I’ve heard there was a secret chord
That David played, and it pleased the Lord
F G C G
But you don’t really care for music, do you?
-Leonard Cohen, Hallelujah
By a happy coincidence, I was re-reading Infinite Jest and The Birth of Tragedy at the same time.
Each are brilliant books. Nobody writes like Nietzsche, and nobody writes like David Foster Wallace. Each writer grabs hold of you and takes you on a ride. But aside from that superficial connection, I found a surprising thematic connection between the two books. They each deal with art and entertainment, and in particular, the effect of art on man.
Infinite Jest is a book about addiction in one sense, but in a wider view it is about the way we entertain ourselves, the way we recreate, and drugs and alcohol are one facet of this many-sided jewel. In the midst of a youth tennis academy, an addiction halfway house, and a cell of Quebecois terrorists in wheelchairs, is something referred to as the Entertainment, or the Samizdat – a Soviet term for banned books individually copied and passed in secret. The Entertainment, the ultimate weapon in a pleasure-indulging civilization, is a video so compelling that those who watch it are captured forever. Like, someplace far beyond couch potato. Their only interest is watching the video; the rest of life disappears to them, and if they are pulled from the Entertainment, they are hopelessly vegetative. The Entertainment (possibly also titled Infinite Jest) has stolen their soul through pleasure.
The Birth of Tragedy deals with the Golden Age of Greece, and their goldenest art form, Tragedy. Nietzsche’s basic thesis is that the Greeks of this short period were the most perfect of men: contemplative, understanding of the great and terrible nature of life, yet, unlike Hamlet, capable of action. These were the heroes of the 300 who stood against the Persian hordes, who built great monuments, yet participated in Dionysian revelries. They reinvented the very nature of being human, and made great foundational advances in arts, science and governance. Nietzsche looks for a cause for this unparalleled healthiness of mind an soul, and finds it in the art form of Tragedy. To Nietzsche, the tragedies of Sophocles and Aeschylus, performed properly as they were with appropriate music, had an almost magical effect on generations of Greeks. To Nietzsche, Greek Tragedy represents the unions of two threads of art and the human condition, the great unifying force we associate with Eastern spirituality, and the individuating aspect of the superficial world as we see it. Through this combination a kind of alchemy was performed on the human soul, and Man was, for once, perfect – attuned with nature, filled with spirit and strength.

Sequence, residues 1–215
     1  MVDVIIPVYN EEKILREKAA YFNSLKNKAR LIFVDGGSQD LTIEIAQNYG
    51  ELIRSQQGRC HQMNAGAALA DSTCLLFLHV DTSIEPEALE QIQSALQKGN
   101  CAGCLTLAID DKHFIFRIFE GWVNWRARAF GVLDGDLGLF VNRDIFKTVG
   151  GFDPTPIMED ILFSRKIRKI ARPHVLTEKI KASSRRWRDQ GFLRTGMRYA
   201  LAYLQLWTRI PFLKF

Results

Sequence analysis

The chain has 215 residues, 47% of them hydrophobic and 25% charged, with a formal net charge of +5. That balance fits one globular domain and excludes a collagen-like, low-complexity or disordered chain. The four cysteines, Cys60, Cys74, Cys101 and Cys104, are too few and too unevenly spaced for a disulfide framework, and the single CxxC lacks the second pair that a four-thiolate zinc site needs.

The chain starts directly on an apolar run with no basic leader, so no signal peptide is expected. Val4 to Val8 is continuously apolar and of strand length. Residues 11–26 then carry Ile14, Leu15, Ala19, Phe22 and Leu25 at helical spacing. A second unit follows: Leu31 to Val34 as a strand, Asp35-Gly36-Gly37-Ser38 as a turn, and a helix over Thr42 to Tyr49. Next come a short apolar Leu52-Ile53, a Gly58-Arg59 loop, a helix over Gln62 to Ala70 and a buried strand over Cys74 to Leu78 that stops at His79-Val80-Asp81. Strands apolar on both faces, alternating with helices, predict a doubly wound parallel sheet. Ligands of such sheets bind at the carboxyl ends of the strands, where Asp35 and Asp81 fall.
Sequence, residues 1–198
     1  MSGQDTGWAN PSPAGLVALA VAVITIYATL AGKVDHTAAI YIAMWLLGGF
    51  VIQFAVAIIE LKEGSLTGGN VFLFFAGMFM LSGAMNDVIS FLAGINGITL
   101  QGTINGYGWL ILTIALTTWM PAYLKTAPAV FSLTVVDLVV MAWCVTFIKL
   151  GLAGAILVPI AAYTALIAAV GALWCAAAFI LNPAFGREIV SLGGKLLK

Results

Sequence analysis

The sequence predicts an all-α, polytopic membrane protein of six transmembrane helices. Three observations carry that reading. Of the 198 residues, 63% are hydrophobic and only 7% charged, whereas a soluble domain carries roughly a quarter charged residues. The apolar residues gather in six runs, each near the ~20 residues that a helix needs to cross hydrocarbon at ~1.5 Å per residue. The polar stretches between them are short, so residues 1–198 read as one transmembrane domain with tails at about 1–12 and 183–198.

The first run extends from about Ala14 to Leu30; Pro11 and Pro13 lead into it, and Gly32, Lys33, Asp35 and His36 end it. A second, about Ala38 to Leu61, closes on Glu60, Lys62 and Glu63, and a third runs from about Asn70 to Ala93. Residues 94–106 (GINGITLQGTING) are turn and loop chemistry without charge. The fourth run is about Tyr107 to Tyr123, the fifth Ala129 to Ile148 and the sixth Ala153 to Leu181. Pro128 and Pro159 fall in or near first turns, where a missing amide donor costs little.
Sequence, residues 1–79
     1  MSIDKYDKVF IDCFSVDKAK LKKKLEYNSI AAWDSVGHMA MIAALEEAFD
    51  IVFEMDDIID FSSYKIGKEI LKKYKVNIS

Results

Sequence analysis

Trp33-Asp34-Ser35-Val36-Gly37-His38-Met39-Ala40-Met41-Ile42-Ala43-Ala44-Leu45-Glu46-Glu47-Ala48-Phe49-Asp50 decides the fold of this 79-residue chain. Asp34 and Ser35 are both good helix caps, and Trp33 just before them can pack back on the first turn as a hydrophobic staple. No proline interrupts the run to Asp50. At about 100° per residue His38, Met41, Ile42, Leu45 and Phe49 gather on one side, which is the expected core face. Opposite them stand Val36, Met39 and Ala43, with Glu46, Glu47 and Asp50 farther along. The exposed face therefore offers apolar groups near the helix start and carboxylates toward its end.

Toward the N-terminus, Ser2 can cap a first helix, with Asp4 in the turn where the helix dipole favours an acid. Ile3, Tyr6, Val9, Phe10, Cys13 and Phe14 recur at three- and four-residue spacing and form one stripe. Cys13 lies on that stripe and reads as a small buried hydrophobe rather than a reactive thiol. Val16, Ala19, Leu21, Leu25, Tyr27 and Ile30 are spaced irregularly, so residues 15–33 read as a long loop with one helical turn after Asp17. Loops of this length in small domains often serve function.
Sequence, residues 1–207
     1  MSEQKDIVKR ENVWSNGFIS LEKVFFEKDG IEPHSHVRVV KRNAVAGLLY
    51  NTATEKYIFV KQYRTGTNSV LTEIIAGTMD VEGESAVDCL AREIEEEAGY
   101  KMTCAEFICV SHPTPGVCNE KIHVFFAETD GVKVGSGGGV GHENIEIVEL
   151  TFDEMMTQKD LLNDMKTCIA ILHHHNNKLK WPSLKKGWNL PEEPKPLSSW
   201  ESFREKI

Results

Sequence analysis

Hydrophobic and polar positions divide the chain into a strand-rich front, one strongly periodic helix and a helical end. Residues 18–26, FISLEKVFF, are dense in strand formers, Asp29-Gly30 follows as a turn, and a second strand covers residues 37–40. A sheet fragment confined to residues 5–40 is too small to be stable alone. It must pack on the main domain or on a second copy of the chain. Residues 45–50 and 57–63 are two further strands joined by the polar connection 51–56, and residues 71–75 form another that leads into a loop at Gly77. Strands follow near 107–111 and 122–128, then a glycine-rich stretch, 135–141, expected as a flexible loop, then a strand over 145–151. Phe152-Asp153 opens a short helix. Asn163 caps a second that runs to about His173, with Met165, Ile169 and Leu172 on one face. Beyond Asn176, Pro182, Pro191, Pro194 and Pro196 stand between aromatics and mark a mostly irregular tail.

Whether or not this was historically the case is less interesting to me (for today) than the idea of art touching us, moving us, changing us. This is an old debate: does art matter? I can’t say I know the answer, but I know what I want it to be. As a writer and reader, a music lover and musician, art matters to me. Does a piece of music or work of literature, a painting, or a poem effect a permanent change in me? Of course, it can please or sadden me in the moment of experience. But does it leave an imprint? And if so, how powerful can that implant be? Is there a Secret Chord, that if we could only find it, would soothe our psyches, and move us beyond existentialism?
The idea is an old one, much older than Nietzsche. The Greek myth of Orpheus deals with magic music, and other cultures have similar myths. Centuries of storytelling abound with magic instruments and songs. And when an idea is that old, that appears in myths around the world, it is because it springs from the basic nature of man.
I leave you with the final movement of Beethoven’s 5th Symphony (not the duh-duh-duh-DUM part). Does it matter?